Sabarmati Ashram was the residence of Mahatma Gandhi who stayed here along with his wife for 12 years. It is from this place that the Gandhiji started his famous Dandi march on 12 March 1930 to break the atrocious salt law imposed by the British. In the story of our independence, there are very few places more iconic than the Sabarmati ashram. Owing to its extraordinary historical significance, Sabarmati Ashram was declared a national monument by the Government of India.
After wasting the first Saturday doing nothing, I was determined to make the most of the Sunday. I pondered on the place from where I would start my exploration of Gujarat and soon, Sabarmati ashram became the obvious choice. Google searches and reading few blogs suggested the time just before sunset to be ideal. I booked an OLA auto and reached Sabarmati ashram around 4:15 PM.
The ashram is located between a jail and a crematorium and according to Gandhiji, the place was ideal for a satyagrahi to search for truth and develop fearlessness. The ashram premises has many small huts. The most prominent is the Hridaya Kunj, the hut where Gandhiji and his wife Kasturba Gandhi resided. The hut has several rooms – Kasturba’s room, Gandhiji’s room, the kitchen, a storeroom and a small, open courtyard in the center.
There is a room where Gandhiji used to meet his visitors. This room is a historic place as many crucial decisions regarding the independence movement had been taken in this room. In this room, Gandhiji’s desk and his charkha are on display. In the kitchen area, there is a showcase which has replicas (few are original) of items used by Gandhiji like his spectacles, the crockery items used by him, his wooden footwear, etc.
Then there is the Vinoba-Mira Kutir, the hut where Vinoba Bhave and later Madeleine Slade, a British Admiral’s daughter devoted to Gandhian ideology resided. Gandhiji affectionately called Madeleine Mira.
In the far corner is the hut of Maganlal Gandhi, one of the prominent followers of Gandhiji. This hut is known as the Magan Niwas and is now converted into a gallery which houses various types of handspun charkhas, early mechanical looms, many antic photographs of Gandhiji in the ashram and few of his handwritten letters.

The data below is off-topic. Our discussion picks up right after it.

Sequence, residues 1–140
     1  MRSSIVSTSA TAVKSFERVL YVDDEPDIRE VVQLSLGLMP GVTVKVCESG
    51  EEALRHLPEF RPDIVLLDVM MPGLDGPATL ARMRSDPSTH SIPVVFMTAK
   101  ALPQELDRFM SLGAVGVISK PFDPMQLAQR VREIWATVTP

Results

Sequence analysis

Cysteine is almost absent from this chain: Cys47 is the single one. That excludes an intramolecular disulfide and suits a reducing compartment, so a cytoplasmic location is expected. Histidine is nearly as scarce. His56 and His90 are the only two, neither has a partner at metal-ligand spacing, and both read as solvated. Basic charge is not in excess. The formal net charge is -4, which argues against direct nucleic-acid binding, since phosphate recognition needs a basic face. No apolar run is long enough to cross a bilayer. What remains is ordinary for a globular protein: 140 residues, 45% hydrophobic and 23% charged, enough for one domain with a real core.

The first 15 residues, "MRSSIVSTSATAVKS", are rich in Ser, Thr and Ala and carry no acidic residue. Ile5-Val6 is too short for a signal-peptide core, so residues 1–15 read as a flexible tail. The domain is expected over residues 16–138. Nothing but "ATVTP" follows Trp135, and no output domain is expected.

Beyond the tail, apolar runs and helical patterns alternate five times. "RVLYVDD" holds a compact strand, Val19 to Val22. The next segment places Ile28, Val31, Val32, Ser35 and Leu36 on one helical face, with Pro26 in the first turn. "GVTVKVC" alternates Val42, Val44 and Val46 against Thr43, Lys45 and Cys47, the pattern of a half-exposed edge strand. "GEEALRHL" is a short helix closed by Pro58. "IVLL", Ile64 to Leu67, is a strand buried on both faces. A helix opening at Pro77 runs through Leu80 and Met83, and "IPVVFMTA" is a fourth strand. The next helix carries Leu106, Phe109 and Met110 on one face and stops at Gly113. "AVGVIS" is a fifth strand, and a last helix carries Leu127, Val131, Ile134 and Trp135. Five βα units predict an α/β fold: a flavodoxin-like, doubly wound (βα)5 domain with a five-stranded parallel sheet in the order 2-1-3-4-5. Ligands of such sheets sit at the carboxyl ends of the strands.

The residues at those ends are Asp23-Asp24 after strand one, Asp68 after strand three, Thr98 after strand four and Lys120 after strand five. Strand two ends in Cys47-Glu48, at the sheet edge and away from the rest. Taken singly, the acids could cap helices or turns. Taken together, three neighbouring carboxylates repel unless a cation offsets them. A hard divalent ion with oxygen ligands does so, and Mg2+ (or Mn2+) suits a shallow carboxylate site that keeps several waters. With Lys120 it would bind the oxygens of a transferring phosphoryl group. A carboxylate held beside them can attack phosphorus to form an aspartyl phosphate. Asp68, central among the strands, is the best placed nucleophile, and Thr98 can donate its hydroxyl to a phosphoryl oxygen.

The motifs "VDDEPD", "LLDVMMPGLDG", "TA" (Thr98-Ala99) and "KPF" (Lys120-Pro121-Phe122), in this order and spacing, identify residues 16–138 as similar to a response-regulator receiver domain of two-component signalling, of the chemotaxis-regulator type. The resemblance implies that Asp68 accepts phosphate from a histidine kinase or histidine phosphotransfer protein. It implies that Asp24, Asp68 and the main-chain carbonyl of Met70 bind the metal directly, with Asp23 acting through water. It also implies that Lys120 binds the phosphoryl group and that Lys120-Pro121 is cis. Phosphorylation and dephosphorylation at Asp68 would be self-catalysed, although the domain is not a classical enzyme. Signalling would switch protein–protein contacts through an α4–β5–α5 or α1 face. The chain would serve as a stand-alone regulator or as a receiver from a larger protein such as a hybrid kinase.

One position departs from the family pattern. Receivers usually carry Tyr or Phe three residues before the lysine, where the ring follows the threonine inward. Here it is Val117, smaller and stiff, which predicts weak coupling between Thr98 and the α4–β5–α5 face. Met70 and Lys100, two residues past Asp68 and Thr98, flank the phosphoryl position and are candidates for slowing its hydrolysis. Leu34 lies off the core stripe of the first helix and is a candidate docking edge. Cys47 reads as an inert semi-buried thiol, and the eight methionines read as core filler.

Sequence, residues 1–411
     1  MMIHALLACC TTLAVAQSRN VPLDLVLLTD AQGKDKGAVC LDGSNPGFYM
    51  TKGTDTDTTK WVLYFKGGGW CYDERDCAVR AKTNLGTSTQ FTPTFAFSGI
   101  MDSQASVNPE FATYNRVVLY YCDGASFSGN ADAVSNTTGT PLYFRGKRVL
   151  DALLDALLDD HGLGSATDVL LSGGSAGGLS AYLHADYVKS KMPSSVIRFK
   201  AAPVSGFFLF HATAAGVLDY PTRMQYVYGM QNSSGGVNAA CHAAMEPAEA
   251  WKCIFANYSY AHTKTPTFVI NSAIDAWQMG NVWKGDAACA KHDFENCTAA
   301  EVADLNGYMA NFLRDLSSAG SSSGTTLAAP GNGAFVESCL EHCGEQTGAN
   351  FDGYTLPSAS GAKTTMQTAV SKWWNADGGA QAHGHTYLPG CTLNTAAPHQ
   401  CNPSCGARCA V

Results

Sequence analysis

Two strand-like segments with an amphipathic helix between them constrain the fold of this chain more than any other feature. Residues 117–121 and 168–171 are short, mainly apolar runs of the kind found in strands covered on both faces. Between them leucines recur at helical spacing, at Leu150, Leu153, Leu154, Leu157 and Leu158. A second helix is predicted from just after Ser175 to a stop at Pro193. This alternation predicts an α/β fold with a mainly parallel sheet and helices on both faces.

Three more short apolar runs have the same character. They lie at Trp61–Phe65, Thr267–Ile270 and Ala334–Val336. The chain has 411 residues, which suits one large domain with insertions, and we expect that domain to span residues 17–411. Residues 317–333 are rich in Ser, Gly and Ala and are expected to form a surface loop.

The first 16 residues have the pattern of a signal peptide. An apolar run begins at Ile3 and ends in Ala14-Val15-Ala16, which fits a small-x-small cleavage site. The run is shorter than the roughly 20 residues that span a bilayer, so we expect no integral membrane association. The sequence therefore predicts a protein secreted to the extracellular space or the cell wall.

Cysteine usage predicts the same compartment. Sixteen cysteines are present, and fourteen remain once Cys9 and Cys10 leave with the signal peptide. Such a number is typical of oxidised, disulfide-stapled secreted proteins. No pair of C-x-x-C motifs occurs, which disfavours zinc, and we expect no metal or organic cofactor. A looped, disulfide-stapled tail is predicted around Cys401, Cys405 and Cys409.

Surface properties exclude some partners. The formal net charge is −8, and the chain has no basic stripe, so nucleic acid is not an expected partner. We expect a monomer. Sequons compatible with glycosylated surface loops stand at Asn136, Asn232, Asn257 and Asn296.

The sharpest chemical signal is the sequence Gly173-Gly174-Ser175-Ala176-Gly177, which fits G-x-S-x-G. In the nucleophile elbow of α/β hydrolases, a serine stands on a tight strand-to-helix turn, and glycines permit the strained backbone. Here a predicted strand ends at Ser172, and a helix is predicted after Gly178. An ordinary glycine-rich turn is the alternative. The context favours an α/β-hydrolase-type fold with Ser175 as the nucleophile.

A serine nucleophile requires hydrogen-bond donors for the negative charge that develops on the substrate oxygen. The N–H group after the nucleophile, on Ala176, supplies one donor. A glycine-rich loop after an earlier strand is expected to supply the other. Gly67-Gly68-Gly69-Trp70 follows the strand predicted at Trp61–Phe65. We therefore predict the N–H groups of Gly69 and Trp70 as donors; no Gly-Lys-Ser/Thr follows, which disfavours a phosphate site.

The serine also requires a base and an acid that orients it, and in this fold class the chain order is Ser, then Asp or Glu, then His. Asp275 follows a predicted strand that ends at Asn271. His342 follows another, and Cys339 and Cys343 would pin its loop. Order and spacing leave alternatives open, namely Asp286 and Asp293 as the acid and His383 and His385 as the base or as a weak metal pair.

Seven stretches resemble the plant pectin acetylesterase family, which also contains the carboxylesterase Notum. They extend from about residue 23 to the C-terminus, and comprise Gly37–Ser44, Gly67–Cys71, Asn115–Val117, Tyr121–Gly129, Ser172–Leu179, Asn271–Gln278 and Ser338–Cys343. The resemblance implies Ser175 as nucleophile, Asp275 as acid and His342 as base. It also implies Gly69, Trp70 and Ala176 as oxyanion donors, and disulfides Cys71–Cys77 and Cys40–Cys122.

The “My Life is my Message” gallery has over 250 photographs covering Gandhiji’s life from his birth in Porbandar, his studies, struggles in South Africa, his role in the Indian independence movement and finally his assassination. These photographs along with the relevant quotes provide a vivid insight into the life of Gandhiji.
The other notable places are the books and souvenir gallery, the paintings gallery where there are 8 magnificent paintings of Gandhiji in various poses and the Prarthna Bhoomi or the Upasana Mandir, the open ground where prayers were held in the morning and evening. There is the Vinay Mandir, a primary school run by the Harijan Ashram Trust.
Amidst the hustle created by the visitors, in the lawn, there is a statue of Gandhiji in a meditation posture replicating the man himself – calm, composed and serene.
Recently with efforts of the state government, the once toxic Sabarmati river has been rejuvenated and the Sabarmati riverfront project has been undertaken to beautify the banks of the river. The river bank in front of the Sabarmati Ashram has benefited from the project and the place now offers an added attraction to the ashram.
As a history buff, Sabarmati Ashram is a perfect start to my Gujarat sojourn. I hope you liked this post. Please share your feedback in the comments section below. Do stay connected.
“Forsake not truth even unto death” – MK Gandhi